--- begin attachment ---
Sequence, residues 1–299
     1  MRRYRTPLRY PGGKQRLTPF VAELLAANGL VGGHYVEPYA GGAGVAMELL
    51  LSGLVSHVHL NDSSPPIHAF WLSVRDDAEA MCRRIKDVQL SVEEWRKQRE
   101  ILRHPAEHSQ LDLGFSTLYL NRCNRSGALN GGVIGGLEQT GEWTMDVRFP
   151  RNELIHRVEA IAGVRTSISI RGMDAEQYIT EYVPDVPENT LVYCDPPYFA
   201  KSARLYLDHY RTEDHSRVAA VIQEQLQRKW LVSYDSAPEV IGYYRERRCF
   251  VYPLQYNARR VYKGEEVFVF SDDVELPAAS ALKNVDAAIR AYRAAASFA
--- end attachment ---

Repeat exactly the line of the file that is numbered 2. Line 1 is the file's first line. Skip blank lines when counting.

     1  MRRYRTPLRY PGGKQRLTPF VAELLAANGL VGGHYVEPYA GGAGVAMELL